Contributed by Library of Congress
Scenes of the Everglades
Businessman and adventurer Homer Augustus Brinkley produced this film in 1928 after living for several months among the Seminole Indians in the Everglades. He later used the film in a traveling show that featured a live, caged bear and himself dressed as a Seminole. Photographed by William B. Feeland, the film contains some of the earliest moving footage of the Seminole. Beginning with panoramic shots of vegetation, waterways, and abandoned structures, the film includes footage of wildlife, such as an owl, raccoons, water moccasins, alligators, deer, a wild turkey, and ...
Bulgarian Folk Songs
Bulgarian Folk Songs is the most important National Revival-era compilation of Bulgarian folk material. Gathered and edited by Dimitrii Miladinov (1810–62) and his brother Konstantin (1830–62), the work contains folk songs, riddles, games, and proverbs from both the western and eastern parts of Bulgaria. The Miladinovs were born in Struga (in present-day Former Yugoslav Republic of Macedonia) in what was then the Ottoman Empire. With its 665 songs, Bulgarian Folk Songs had a strong influence on Bulgarian literature and culture as well as on the development of Slavic ...
Bulgarian Folk Calendar for Leap Year 1868
Bulgarian Folk Calendar for Leap Year 1868 is one of a number of popular folk calendars produced by En’o Kŭrpachev (1833–1916), a publisher in Constantinople (present-day Istanbul), during the National Revival era in Bulgaria. The first published Bulgarian calendar appeared in 1818. Over 100 of them were published during the National Revival era alone. The wave of popularity for Bulgarian calendars began in the 1840s and continued long past the end of the Revival period. Calendars were a popular genre of reading material in the 19th century, and ...
Record of Songs and Dances Performed by Professional Female Entertainers
Gyobanggayo is a collection of 19th-century songs and dances by the gisaeng (the Korean equivalent of geisha). Gyobang were the facilities that trained and controlled gisaeng, who belonged to the provincial government office during the Joseon Dynasty, and gayo meant songs. The book includes not only ariettas, lyrics, poems, and folksongs (all collected using Hangul, the Korean alphabet) but also colored manuscripts of dances with detailed movements for the gisaeng. It has a distinct historical value by providing insight into the cultural and social situations of the provinces at that ...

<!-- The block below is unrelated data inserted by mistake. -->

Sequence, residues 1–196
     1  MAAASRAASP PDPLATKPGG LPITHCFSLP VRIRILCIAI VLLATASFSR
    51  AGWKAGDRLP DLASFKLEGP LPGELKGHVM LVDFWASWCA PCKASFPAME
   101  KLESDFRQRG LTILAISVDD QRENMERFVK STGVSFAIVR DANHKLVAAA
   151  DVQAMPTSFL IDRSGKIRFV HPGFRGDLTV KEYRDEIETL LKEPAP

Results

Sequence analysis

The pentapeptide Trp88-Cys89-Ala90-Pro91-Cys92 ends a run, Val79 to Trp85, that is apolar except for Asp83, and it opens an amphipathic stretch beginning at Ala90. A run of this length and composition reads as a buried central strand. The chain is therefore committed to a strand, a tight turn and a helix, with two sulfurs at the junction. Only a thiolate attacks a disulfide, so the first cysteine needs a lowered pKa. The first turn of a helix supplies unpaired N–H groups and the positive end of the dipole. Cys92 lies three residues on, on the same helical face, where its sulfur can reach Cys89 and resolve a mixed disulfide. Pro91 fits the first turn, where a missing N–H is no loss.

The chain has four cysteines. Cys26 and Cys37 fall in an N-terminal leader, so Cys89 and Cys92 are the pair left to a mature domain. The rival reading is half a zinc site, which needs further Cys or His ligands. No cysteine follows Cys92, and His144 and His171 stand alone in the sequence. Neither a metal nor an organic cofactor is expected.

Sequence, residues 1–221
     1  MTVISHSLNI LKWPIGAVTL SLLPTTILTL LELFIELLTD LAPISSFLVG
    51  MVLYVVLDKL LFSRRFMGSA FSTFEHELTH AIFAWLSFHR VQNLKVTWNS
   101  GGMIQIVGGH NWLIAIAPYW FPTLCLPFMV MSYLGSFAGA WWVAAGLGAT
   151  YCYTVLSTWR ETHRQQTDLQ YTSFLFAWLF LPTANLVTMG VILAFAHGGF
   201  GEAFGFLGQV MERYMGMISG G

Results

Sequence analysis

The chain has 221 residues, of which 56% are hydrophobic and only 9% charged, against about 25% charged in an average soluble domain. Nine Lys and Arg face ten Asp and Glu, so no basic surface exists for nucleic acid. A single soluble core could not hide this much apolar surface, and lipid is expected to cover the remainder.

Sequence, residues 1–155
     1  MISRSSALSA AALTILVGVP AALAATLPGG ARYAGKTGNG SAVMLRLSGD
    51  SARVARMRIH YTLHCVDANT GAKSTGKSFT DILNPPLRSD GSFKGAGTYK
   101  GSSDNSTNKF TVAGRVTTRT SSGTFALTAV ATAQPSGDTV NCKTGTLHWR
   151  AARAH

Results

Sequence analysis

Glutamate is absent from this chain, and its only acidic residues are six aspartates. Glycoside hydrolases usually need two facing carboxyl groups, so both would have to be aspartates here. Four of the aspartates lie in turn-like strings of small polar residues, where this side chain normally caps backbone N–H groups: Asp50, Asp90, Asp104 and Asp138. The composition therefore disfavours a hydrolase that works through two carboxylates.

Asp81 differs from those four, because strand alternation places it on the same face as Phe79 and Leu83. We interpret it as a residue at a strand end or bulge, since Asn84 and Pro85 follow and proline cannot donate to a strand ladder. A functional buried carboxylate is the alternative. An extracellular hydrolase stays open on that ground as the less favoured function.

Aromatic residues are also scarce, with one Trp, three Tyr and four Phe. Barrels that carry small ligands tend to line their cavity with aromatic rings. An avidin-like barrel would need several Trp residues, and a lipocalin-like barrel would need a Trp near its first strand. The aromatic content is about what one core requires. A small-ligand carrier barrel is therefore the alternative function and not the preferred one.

Contributed by National Library of Korea
Nursery Tales, Traditions, and Histories of the Zulus in their Own Words: With a Translation into English, and Notes by the Rev. Canon Callaway. Volume 1
Nursery Tales, Traditions, and Histories of the Zulus in Their Own Words is a compilation of Zulu literature gathered by the Reverend Henry Callaway (1817–90) in the Natal region of South Africa in the late 1850s and 1860s. Callaway left the United Kingdom in 1856 to become a Church of England missionary. In 1858 he settled near the Umkomanzi River in Natal and began to study the Zulu language, religious beliefs, and oral traditions. As Callaway mastered the language, he wrote down tales dictated to him by native storytellers ...
Ceremonial Etiquette for the Newly Appointed Officials
Xin guan dao ren yi zhu (Ceremonial etiquette for the newly appointed officials) is a Ming edition of two juan, in two volumes, on ceremonies and rules for new officials. The author is unknown, but inside the book is an inscription indicating that it was a reprint of an original edition printed by imperial order. The preface, dated 1565, was written by Guo Banshan and states that the original work was owned by Liu Zizhen, who reprinted the book on the advice of one of his friends. Many similar works ...
Contributed by Library of Congress
Twelve Months by Toyokuni: First Dancing Practice of the New Year
This nishiki-e (Japanese multicolored woodblock print) is one of a 12-part series depicting annual events and the changing of people’s lives with the seasons, from January to December, modeled on beautiful women in Edo (present-day Tokyo) in the early 19th century. This picture, a happy and brilliant scene that symbolizes the New Year, represents January and is titled in the top left-hand corner. It shows two young women having their first dancing practice of the New Year to a shamisen accompaniment. The dance is Harukoma, which expresses the wish ...
Contributed by National Diet Library
The Lango: A Nilotic Tribe of Uganda
This 1923 study of the Lango people of north-central Uganda narrates the origins and history of the group, which had a form of government based on minor clan chiefs, rather than a king or superior chief, before the arrival of the British rule. Jack Herbert Driberg (1888–1946) was a British official in the service of the Uganda Protectorate in 1912–21 and lived and worked among the Lango, for whom he had both sympathy and admiration. He describes the ethnology of the Lango nation; their environment, including the fauna ...